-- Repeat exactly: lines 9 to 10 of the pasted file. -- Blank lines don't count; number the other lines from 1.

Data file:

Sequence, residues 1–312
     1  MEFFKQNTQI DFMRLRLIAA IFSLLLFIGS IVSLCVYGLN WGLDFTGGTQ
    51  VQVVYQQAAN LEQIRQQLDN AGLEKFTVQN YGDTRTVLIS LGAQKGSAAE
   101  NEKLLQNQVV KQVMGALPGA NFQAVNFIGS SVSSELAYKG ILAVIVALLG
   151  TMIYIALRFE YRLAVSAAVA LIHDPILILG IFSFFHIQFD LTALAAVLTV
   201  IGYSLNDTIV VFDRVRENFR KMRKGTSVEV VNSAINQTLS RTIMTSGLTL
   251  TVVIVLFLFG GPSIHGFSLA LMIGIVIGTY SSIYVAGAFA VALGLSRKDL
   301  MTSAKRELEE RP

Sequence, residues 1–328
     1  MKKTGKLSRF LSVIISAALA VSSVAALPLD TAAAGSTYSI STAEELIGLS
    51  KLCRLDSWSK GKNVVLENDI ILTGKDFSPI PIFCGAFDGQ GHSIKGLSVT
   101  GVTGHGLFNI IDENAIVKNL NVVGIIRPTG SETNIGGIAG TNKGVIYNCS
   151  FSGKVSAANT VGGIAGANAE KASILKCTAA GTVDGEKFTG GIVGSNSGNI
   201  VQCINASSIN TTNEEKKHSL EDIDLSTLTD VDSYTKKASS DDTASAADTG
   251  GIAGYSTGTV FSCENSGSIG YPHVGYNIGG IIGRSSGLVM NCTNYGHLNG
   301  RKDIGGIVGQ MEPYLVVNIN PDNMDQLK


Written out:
Sequence, residues 1–328
     1  MKKTGKLSRF LSVIISAALA VSSVAALPLD TAAAGSTYSI STAEELIGLS